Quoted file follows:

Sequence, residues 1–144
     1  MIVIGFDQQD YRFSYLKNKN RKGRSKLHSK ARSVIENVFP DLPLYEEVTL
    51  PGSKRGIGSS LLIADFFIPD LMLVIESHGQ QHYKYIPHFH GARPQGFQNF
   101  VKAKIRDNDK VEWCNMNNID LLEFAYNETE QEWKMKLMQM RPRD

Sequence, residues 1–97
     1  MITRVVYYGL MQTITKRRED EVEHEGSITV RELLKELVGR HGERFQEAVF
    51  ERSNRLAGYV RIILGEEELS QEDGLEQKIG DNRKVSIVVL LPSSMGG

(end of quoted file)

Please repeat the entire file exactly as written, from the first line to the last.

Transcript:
Sequence, residues 1–144
     1  MIVIGFDQQD YRFSYLKNKN RKGRSKLHSK ARSVIENVFP DLPLYEEVTL
    51  PGSKRGIGSS LLIADFFIPD LMLVIESHGQ QHYKYIPHFH GARPQGFQNF
   101  VKAKIRDNDK VEWCNMNNID LLEFAYNETE QEWKMKLMQM RPRD

Sequence, residues 1–97
     1  MITRVVYYGL MQTITKRRED EVEHEGSITV RELLKELVGR HGERFQEAVF
    51  ERSNRLAGYV RIILGEEELS QEDGLEQKIG DNRKVSIVVL LPSSMGG